#3) While he may be close to his roof already, he’s done so while still not completely unleashing what will be his “over the top” pitch (meaning what could boost him to elite in baseball status): the curveball. Within two years, when he completely comfortable with it, he’ll be showing more looks on the mound than any pitcher in St. Louis since Chris Carpenter‘s prime.
Much like Adam Wainwright, he has taken the tools he has and made better on them than expected. Wainwright didn’t profile as being within the top 5 or so starters in baseball at any point in his career when he was rising through the system, but learned, mastered what he had and turned into one. I see that same type of package around Wacha, and for that reason alone, I think he’ll be the better product long-term.
Christine Coleman – Aaron Miles’ Fastball
My thought is Wacha as well and, as I was trying to come up with my reasons why, I read what Matt had to say — and he said it much better and more thoroughly than I could.
Not to say that Martinez won’t be great as well but, as several have already said, his talent is more raw and still in need of refinement. We saw such moments of brilliance, but he still needs more polish.
But what two great talents — and what a great debate we are lucky enough to have.
Mark Sherrard – Cardinals Fan in Cubs Land
I’m no scouting expert, but the feeling I get is that Wacha is at or near his potential right now, while Martinez still has room to grow and improve.
What’s scary to think about is what Wacha might do if he could develop a curve as good and consistent as say Adam Wainwright. Combine that with his fastball and devastating change and he would be unhittable.
Martinez just needs to get more consistent with his pitches and location. He has better all around “stuff” than Wacha, but Wacha is more polished at this point.
Thus, in the near future, say the next year or two, Wacha will probably be better, but overall, I think Martinez will have the better career.
Dan Buffa – Dose of Buffa
With these two wicked young talents capable of all the pitching awards, choosing between them is like debating between a pair of sharp shooters.
Wacha and Martinez are each enormously talented and capable of greatness, but if I had to go with one for the long haul I would choose Wacha . He came up earlier in the year and was as raw as Carlos. He made three starts and won one of them. He spent time down in Memphis refining his changeup and working on his curveball. When he came back up and made a start in September, Wacha had transformed into a dynamic pitcher. Capable of pitching well in hostile environments and taking down great teams twice inside one week. That kind of improvement can’t be short changed.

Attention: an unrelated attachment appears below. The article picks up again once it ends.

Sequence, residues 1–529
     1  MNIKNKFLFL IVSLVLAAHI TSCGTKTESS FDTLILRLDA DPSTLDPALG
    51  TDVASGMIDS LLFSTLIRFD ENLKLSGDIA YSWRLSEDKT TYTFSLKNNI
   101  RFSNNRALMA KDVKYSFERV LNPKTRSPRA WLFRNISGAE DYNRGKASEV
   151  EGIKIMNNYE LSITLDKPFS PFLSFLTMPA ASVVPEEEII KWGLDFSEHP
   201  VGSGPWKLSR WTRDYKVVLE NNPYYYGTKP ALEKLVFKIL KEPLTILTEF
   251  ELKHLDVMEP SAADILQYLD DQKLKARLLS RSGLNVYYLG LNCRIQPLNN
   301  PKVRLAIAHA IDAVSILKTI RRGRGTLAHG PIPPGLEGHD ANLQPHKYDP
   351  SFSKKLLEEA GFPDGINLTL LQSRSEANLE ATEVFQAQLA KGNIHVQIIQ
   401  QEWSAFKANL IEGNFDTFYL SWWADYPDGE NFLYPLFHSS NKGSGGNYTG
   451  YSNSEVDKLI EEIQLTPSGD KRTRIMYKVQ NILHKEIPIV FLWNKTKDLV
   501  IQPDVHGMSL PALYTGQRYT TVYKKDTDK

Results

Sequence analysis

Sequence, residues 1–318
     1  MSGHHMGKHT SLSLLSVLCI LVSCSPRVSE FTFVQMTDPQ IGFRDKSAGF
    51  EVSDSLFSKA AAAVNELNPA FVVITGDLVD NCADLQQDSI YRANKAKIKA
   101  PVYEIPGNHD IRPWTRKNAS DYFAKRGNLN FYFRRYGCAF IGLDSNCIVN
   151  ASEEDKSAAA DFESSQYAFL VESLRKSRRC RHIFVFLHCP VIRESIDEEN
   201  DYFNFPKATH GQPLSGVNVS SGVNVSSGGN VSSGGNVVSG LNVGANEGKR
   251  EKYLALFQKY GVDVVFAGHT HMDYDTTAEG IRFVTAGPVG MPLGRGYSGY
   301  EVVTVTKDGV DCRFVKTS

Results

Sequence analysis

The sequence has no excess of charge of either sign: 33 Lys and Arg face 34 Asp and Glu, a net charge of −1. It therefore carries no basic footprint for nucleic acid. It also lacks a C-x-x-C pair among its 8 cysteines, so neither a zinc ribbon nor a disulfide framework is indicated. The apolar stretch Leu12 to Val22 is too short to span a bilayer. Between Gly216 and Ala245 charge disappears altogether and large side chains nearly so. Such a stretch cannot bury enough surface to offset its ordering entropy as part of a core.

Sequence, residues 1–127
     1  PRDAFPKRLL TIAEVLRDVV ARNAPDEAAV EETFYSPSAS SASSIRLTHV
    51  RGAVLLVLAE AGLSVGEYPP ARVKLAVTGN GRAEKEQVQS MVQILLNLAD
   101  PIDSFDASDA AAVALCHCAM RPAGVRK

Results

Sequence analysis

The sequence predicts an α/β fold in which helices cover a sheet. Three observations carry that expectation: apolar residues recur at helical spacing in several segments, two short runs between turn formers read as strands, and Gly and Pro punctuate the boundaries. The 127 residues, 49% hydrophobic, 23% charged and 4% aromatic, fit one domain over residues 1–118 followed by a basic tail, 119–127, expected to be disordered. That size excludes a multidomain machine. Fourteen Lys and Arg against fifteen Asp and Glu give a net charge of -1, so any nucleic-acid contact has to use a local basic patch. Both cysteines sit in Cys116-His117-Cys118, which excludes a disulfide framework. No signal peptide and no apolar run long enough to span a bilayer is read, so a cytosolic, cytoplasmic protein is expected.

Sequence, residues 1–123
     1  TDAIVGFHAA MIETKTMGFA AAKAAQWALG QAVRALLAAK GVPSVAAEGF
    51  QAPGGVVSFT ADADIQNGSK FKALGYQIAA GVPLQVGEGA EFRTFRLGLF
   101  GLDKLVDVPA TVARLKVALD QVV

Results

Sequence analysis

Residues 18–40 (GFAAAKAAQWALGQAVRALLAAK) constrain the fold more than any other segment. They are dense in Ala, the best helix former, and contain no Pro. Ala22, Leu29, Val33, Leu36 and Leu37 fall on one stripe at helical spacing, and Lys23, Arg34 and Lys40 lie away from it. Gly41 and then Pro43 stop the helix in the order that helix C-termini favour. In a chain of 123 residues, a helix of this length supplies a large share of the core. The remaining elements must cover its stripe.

While Martinez was nasty, he showed a tendency to be wild and inconsistent. This happened every time he made a trip up & down I-55 and hopefully in the future he can work out the raw areas of his talent. However, there are no guarantees. When JD Drew and Colby Rasmus came up they were coined as the next Mickey Mantle. Martinez is sharp but needs innings and a defined role before he can become the next Pedro.
Unlike Martinez, Wacha has a defined role and is already being groomed as Waino’s successor and a Cy Young candidate in a few years. He has taken Shelby Miller‘s spot with two months of pitching. That is based off opportunity and not skill set alone. As they say in sports you are only as good as what you’ve done in the show on the big stage. While we are talking futures here, I’d put my chips on Wacha side of the table.
Any evidence can be taken from the opening trade rumor analysis. Wacha is seen as untouchable while Carlos is slightly expendable. You can’t find great young controllable pitching anywhere these days.
Finally…if you have made it this far…MY ANSWER!
I would have to go with Carlos Martinez. I fully realize and undoubtedly appreciate the incredible postseason performance that Wacha put together, but it is impossible to look past CMart’s incredible stuff. Martinez has three pitches–a four-seamer, a two-seamer/sinker, and a hard slurve. On average, all three pitches break over six inches horizontally–with his two-seamer averaging an incredible 9.6 inches of break–that’s over half the width of home plate!
His four-seamer averaged 98 MPH and his two-seamer/sinker averaged 96 MPH this season. His slurve had a devastating drop-off in velocity, averaging just 82 MPH. Wacha has an incredible fastball-changeup combination, and he has the ability to develop an Adam Wainwright-like curveball, but I still feel like he is a lot closer to his “ceiling” than Baby Pedro.
However, in my opinion, both are untouchables, and I look forward to seeing both pitch with the “Birds on the Bat” across their chest for years to come.
Until next time…